The Stumpage Price Report reflects the stumpage prices observed over the three-month period. Due to the dramatic changes common in timber markets, past reports may not accurately describe the latest market conditions. A current report is one's best guide to the current market status. It must be remembered that this report is based primarily on a survey of consultant foresters and public agencies. The report is intended to describe general trends in the market and ignore specific factors that may affect one timber tract or another. There are many factors that can influence the price of timber on a given tract of land and they are listed on the front cover. For example, you may notice that the range of prices for one species may vary from 50 to 350 dollars per thousand board feet. One reason for this wide range is that the lower value is for timber of poor quality while the higher value is for timber of high quality that would be used for veneer products.
The majority of the prices reported are for timber that is sold and used to produce sawtimber and veneer products. Sawtimber trees are typically above 12 inches in diameter at breast height (4.5 feet from the ground) and have at least one 8-foot log that can be harvested. Sawtimber trees are harvested, taken to a sawmill and cut up into boards, railroad ties, and other dimensional products. Veneer quality timber is typically of larger diameter, comes from the bottom log of the tree, and has no branches or imperfections. These logs are usually turned at a special mill that slices thin strips of wood that are used as veneer on a variety of wood products. Poles are used for telephone poles, piling, and related products. They must meet special requirements. Fuelwood refers to timber sold for firewood markets. Typically this will include poorer quality trees, dead trees, as well as tree tops. Pulpwood includes trees that are used to produce paper products. Biomass includes trees that burned for power generation.
The stumpage prices for each species and or product category include three pieces of information: 1) the number of reports; 2) the range of values from lowest to highest; and 3) the average of all reported values. Poles, fuelwood, pulpwood, and biomass are special products that are sold by the linear foot, cord, or the ton. All other prices are reported as the dollars per thousand board feet of timber. One board foot is 12 inches x 12 inches x 1 inch, with the number of board feet in each tree depending on its diameter, number of logs, and defects. Therefore, a thousand board feet of timber may be made up of a few large trees or many small trees. The scale used to determine board feet in standing trees is the International ¼ inch scale, which provides the most accurate measure of board feet for the four regions. Stumpage prices reported in a Doyle log scale, another common rule, tend to underestimate the volume of timber, and must be adjusted to be compatible with the International 1/4 inch scale.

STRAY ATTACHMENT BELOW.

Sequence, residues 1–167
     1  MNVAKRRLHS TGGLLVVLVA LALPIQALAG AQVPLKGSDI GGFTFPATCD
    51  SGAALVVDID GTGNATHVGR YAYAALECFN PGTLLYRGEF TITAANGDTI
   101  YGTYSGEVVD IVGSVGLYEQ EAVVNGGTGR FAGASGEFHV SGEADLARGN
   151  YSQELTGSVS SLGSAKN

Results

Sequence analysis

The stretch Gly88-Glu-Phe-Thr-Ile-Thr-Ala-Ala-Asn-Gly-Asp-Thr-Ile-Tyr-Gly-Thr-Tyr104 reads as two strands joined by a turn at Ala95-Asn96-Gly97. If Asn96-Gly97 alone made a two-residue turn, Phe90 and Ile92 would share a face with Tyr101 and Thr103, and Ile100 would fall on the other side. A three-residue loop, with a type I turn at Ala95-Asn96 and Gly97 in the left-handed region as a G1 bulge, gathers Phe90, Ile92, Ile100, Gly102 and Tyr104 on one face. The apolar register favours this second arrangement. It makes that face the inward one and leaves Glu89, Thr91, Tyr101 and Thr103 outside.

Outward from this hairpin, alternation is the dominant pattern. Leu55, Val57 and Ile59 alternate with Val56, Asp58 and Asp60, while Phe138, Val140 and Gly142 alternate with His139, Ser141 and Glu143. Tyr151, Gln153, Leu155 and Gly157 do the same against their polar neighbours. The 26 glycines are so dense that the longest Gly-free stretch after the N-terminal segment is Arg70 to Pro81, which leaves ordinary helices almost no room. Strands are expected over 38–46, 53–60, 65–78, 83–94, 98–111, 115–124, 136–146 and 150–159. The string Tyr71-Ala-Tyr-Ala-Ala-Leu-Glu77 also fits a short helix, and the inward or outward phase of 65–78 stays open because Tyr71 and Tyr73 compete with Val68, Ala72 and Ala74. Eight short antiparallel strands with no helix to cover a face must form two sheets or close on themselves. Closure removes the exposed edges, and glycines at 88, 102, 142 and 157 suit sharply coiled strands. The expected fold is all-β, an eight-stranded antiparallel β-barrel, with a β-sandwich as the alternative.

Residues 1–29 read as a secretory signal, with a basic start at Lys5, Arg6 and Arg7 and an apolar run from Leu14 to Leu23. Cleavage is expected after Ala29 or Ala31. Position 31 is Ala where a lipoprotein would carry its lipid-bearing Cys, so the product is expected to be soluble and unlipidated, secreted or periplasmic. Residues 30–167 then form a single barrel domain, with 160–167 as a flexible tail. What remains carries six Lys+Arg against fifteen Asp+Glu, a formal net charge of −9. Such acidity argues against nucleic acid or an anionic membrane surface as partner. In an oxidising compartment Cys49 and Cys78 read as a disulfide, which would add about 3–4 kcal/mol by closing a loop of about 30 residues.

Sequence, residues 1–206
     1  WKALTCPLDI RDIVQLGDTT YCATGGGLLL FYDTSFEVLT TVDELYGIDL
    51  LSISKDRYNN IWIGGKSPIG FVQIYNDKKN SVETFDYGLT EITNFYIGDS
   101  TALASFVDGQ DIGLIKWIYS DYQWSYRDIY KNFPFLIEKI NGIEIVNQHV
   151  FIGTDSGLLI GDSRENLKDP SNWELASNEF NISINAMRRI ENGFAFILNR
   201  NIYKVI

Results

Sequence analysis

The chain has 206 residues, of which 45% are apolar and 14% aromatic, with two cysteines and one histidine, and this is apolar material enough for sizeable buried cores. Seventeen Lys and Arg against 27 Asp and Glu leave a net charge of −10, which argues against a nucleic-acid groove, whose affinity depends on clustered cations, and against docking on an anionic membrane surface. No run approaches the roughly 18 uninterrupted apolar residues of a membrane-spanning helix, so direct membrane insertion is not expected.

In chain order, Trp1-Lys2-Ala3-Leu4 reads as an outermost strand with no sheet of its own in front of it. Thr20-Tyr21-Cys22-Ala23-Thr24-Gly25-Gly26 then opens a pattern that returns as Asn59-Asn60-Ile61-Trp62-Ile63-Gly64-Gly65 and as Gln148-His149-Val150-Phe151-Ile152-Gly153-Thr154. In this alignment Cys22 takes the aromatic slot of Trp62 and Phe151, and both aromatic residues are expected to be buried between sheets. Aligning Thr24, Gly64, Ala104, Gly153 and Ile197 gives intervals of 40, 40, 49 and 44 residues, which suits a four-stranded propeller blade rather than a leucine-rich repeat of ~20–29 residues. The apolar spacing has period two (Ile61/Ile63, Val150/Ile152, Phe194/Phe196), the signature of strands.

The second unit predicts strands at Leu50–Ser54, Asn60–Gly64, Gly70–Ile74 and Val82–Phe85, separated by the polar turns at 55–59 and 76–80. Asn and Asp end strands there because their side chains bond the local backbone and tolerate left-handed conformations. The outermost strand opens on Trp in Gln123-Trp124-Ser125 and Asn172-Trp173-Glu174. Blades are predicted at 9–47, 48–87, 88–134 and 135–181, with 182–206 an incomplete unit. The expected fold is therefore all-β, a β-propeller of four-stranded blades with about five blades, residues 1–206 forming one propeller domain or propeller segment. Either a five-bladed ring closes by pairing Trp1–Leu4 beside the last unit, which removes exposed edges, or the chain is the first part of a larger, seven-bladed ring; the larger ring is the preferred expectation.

The sale of timber products should include three people: 1) the forest landowner selling the timber; 2) a licensed professional forester to assist the landowner in determining which trees should be harvested and working with the logger; and 3) the logger who carries out the actual harvesting of the trees.
A list of licensed professional foresters is available on the web or by calling your state forester or Maryland Department of Natural Resources Forest Service at 410-260-8531. Those in Delaware can call the Delaware Forest Service at 302-739-4811. University of Maryland Extension also provides educational publications and events that can be of great value to forest landowners considering a timber harvest. For more information write or call the Wye Research and Education Center, P.O. Box 169, Queenstown, MD 21658 / 410-827-8056 or Western Maryland Research and Education Center, 18330 Keedysville Road, Keedysville, MD 21756 / 301-432-2767.